On a positive note, family members had frequent contact with their mental health providers, were encouraged to be involved with their loved one’s treatment, and to express their opinion. On the other hand, they reported issues with communication and coordination between the mental health and other service providers, noting the need for providers to have more specialized training. Caregivers stated they wished providers would just ‘‘do their job’’ and ‘‘listen to families.’’  Families reported that they wanted a better life for their child, including adult children, and less than 1% requested out-of-home placement at the time of enrollment into START.  While many families seek placement, it is important to note that most families enrolled in START want additional support in their home as a reason for referral. Families also reported that they do not want their loved one overtreated or institutionalized; rather, they want to partner with mental health providers in seeking the best possible long-term outcomes for their family member in the community.

Caregiving fathers reported having less positive involvement with providers than their female counterparts. In this study, 20% of the caregivers were fathers; this is greater than was expected, as a far greater majority of primary caregivers are mothers in other studies. However, there is increasing recognition that fathers play a more significant role in interacting with the healthcare system than previously thought. Our finding suggests that fathers felt less support by the mental health service system, compared to mothers.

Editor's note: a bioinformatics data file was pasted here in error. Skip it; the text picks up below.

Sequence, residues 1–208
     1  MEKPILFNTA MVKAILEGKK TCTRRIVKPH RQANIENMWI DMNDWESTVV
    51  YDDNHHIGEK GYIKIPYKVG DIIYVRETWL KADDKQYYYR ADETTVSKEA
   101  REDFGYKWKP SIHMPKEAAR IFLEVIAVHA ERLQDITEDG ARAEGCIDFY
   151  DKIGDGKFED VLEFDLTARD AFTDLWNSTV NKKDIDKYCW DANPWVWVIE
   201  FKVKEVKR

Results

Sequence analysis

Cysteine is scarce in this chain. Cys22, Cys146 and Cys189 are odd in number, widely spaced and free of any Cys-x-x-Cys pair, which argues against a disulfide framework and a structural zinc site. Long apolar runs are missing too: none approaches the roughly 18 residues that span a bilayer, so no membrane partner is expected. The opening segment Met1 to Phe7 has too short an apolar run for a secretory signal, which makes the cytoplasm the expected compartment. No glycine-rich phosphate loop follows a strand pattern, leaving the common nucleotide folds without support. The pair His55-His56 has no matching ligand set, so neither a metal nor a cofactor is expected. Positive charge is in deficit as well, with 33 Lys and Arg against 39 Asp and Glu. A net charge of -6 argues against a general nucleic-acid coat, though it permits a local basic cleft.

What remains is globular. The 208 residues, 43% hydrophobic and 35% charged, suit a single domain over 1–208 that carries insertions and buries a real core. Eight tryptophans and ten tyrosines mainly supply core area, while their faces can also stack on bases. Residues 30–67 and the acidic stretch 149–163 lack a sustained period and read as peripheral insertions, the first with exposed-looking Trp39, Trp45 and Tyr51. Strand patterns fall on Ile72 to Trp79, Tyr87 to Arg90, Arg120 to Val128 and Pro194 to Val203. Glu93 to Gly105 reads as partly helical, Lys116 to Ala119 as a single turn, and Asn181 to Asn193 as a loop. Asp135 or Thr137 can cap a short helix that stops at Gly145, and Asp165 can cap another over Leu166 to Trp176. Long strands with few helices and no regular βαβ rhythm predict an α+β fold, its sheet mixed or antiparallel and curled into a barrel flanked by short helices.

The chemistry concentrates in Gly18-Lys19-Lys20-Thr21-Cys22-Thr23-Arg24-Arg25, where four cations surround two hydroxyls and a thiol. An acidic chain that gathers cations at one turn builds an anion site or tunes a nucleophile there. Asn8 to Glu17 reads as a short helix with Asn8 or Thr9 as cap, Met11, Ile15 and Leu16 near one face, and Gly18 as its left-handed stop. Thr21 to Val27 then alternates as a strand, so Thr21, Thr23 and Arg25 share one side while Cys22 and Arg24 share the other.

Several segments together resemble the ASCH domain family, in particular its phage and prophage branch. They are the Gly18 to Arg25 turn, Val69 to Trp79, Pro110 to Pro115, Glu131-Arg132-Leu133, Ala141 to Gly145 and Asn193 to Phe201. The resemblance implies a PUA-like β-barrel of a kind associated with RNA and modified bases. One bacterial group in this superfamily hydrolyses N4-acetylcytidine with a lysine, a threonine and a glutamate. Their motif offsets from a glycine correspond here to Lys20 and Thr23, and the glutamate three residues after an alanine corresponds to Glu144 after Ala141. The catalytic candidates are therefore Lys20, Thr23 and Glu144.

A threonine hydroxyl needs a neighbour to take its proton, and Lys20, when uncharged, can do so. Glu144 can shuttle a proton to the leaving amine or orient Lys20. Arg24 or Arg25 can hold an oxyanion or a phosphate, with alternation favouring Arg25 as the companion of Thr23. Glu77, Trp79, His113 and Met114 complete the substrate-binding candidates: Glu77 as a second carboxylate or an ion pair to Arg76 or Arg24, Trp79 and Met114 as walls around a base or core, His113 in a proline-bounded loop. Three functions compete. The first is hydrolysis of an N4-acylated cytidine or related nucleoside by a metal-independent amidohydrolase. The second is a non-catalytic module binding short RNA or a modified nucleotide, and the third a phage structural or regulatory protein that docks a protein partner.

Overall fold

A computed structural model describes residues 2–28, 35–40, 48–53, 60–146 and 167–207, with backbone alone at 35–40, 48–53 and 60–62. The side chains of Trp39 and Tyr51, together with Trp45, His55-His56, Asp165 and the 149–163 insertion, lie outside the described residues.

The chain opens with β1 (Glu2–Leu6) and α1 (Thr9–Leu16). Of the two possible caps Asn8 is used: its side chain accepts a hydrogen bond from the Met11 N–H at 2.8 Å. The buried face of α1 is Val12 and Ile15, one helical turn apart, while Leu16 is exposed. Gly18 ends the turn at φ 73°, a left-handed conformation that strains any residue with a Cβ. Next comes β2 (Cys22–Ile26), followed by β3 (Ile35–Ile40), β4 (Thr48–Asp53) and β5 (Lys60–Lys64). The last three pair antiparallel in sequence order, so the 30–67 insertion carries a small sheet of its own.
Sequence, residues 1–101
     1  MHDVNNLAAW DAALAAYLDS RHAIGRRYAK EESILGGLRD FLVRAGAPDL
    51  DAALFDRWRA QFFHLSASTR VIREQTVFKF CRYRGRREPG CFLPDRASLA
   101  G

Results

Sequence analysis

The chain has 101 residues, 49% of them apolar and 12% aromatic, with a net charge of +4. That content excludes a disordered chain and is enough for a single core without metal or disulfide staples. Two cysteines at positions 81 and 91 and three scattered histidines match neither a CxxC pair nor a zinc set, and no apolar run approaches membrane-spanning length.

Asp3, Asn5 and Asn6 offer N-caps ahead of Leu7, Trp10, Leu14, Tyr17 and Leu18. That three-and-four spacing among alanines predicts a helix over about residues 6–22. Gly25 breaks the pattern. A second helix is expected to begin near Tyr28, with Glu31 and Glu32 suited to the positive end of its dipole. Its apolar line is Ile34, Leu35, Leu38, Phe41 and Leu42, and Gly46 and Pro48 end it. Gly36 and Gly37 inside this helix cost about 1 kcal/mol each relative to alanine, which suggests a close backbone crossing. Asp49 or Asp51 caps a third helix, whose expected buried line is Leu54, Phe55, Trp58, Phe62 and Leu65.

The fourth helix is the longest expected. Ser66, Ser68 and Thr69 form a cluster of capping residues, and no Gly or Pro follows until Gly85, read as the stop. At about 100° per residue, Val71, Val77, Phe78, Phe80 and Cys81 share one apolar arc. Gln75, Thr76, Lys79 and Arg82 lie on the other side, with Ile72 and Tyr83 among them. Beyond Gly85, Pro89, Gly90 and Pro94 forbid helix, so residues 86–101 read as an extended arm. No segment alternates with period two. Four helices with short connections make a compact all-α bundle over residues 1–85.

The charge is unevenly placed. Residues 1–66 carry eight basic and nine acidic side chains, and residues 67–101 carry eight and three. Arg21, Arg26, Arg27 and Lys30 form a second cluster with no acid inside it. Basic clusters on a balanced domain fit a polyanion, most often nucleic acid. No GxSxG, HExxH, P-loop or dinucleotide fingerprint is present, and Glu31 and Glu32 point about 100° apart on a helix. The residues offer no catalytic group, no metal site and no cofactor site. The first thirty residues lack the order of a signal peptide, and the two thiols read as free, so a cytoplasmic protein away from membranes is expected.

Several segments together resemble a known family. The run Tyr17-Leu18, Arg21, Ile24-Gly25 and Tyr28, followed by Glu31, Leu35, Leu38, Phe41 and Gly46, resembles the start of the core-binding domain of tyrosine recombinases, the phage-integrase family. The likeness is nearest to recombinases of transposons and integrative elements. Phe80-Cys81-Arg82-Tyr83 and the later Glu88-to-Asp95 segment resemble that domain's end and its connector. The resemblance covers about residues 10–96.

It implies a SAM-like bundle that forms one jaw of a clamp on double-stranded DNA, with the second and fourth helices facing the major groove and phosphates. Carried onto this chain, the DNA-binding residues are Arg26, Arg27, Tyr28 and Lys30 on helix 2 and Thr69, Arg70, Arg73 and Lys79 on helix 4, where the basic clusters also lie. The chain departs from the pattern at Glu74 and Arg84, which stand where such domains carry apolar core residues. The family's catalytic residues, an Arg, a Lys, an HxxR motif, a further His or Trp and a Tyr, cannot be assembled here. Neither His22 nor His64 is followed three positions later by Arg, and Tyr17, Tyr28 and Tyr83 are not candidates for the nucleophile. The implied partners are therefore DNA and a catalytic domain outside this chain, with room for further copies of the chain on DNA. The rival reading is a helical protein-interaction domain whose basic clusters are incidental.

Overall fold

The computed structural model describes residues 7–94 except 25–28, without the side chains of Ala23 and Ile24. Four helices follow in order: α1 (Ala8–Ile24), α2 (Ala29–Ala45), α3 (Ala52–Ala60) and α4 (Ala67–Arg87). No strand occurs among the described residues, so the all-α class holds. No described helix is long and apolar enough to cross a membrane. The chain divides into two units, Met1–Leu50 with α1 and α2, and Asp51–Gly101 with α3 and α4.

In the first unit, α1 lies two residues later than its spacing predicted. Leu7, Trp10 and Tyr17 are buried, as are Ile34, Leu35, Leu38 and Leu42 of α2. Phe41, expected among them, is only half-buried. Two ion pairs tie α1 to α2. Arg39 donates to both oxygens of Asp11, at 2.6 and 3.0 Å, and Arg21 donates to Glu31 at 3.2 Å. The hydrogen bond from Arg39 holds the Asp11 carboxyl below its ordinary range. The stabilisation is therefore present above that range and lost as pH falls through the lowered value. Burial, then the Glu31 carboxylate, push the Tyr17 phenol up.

The information from the Family Experiences Interview Schedule helps to determine the planning process for START cross-systems crisis prevention and intervention. The survey is repeated after one year in START to see whether or not experiences have changed, and for the most part there has been significant improvement. This important study provides an opportunity for additional policy planners and service providers to consider obstacles families face. The START model continues to push for inclusive practices to engage with people with lived experiences, their families and others to reduce disparities individuals with IDD and families face when seeking and getting mental health care.

I want to sincerely thank Joan (or Joni as she’s often called) for her willingness to share information about START services and about the research from family caregivers and the issues regarding mental health services for individuals with intellectual and developmental disabilities. And since I just learned about her research, she wrote this blog post with very little advance notice.

We all know how important good mental health is for everyone, but particularly for adults with IDD who are seeking to work and to thrive in their communities, getting appropriate mental health services can have a tremendous impact on their lives. Joan has been a leader in this area for years, and we so appreciate the work she does and the kindness and compassionate she brings to her efforts every day. Thank you, Joni! 

Joan Beasley smilingJoan B. Beasley is a licensed mental health counselor and holds a doctorate in social policy from the Heller School at Brandeis University. She is a research associate professor and the director of the Center for START Services at the University of New Hampshire Institute on Disability UCED and serves as the primary investigator for the START National Research Consortium. Dr. Beasley is the author and co-founder of the START model, first implemented in 1988, a cross systems crisis prevention and intervention program for children and adults implemented across the United States. The START model is a nationally recognized best practice for children and adults with IDD and mental health conditions. The Center for START Services trains, credentials and evaluates outcomes for START service providers and programs implementing the START model.

December 1, 2020

Share this Post